John Hope Franklin: Pre-eminent scholar of black American history who played a vital role in the fight for civil rights

If America's agonising but ultimately uplifting racial journey found expression in a single person, it was John Hope Franklin: participant, teacher, role model, but above all peerless chronicler of the black man's experience in the story of the United States.

His academic achievements alone, spanning more than 70 years, established him as the country's premier black historian, inspiration of a younger generation of scholars like Henry Louis Gates and Cornel West.

His most famous book was From Slavery to Freedom, published in 1947, selling over 3.5m copies and translated into half a dozen languages. It remains a classic, perhaps the classic work of African-American studies, but was just one of a score of books he wrote or edited in a teaching career that took him from his adopted home of North Carolina to Howard University in Washington, Brooklyn College in New York, the University of Chicago, and finally back to Duke University in Durham, North Carolina.

Along the way Franklin collected 130 honorary degrees, and put in shorter teaching stints in more than a dozen other universities in the US and abroad – including Harvard and Cambridge, as well as colleges in China, Australia and Zimbabwe. Everywhere, his first-hand experience of many of the events he wrote about gave his scholarship a unique resonance and edge.

Born in Oklahoma, the son of the first black judge to sit on a state court, Franklin witnessed the 1921 race riot in Tulsa, among the bloodiest such incidents in US history, in which at least 39 people, and perhaps as many as 300, were killed.

He might have followed his father into the law, had it not been for Ted Currier, a white professor at the historically black Fisk University in Nashville Tennessee where Franklin graduated summa cum laude in 1935. Recognising the young man's aptitude, Currier persuaded him to pursue history instead, lending him $500 to help pay for postgraduate studies at Harvard, where Franklin was one of a mere handful of black students when he took a PhD in 1941. Two years later his first book appeared, The Free Negro in North Carolina, 1790-1860.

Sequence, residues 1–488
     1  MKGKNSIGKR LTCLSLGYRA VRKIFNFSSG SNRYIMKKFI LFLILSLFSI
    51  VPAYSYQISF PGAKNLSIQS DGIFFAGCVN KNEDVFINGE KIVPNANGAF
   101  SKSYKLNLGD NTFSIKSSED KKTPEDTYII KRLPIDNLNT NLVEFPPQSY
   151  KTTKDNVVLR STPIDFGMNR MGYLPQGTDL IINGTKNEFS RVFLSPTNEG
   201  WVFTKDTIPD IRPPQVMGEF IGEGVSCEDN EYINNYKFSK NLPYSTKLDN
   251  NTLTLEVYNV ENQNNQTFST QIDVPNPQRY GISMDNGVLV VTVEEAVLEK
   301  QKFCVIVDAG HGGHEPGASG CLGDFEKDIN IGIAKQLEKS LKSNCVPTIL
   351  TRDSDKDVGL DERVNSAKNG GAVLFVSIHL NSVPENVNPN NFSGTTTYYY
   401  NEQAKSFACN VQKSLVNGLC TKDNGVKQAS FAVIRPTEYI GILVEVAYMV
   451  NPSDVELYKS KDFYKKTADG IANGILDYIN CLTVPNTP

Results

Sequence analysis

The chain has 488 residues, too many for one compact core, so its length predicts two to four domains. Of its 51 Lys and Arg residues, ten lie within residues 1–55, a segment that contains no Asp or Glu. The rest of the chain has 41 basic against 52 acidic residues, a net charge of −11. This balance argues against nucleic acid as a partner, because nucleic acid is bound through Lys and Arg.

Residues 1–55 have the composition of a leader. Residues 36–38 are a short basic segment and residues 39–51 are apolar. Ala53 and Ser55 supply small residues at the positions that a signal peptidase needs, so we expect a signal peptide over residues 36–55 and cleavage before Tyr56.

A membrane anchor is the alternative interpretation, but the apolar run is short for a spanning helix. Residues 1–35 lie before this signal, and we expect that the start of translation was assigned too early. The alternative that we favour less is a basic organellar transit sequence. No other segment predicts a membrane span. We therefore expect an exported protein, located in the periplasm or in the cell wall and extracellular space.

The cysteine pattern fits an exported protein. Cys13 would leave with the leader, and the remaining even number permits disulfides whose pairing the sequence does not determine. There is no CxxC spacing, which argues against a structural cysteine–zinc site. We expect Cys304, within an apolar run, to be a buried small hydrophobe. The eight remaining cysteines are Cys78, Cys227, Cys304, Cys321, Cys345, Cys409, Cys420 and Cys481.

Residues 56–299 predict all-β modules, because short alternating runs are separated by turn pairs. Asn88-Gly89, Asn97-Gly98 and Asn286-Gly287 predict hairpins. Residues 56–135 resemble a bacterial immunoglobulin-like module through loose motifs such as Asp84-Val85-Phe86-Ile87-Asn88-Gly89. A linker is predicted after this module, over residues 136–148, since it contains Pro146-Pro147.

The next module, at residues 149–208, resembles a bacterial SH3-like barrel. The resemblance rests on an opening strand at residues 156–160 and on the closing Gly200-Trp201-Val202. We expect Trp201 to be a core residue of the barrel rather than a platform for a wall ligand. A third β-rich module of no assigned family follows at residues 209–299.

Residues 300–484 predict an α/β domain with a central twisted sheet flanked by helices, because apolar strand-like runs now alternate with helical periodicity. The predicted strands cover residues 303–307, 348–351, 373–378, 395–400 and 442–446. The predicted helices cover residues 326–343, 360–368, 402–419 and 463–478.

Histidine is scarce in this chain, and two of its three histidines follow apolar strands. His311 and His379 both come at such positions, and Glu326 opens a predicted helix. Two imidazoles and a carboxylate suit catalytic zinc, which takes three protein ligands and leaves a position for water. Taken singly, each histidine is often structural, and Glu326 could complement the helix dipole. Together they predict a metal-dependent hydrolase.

In his early years as a historian, racial discrimination was ever present. Long afterwards, Franklin would tell students how he researched From Slavery to Freedom in segregated libraries in the South, forced to sit at a different table from whites and barred from using the services of female white librarians.

For part of that time, moreover, he lived in Montgomery, the capital of Alabama, giving him a direct personal taste of the state where Jim Crow ruled most ruthlessly. Two decades later, alongside Martin Luther King, he took part in the 1965 march from Selma to Montgomery in support of voting rights for blacks, one of the pivotal moments of the civil-rights struggle.

But well before that, Franklin had rendered perhaps his most precious service to the movement, providing the research that helped the National Association for the Advancement of Colored People and its lead lawyer Thurgood Marshall win the watershed Brown v Board of Education ruling of 1954 from the US Supreme Court, ending racial segregation in America's public schools.

His combination of meticulous scholarship and direct involvement in events made him uniquely able to present the history of slavery and the South for what it really was. As Nell Irvin Painter, professor at Princeton and another leading light of a younger generation of black historians, told The New York Times, Franklin "grasped the complexity of Southern public life as shaped by the horror of personal slavery." He was, she said, "the first American historian to reckon the price owed in violence, autocracy and militarism."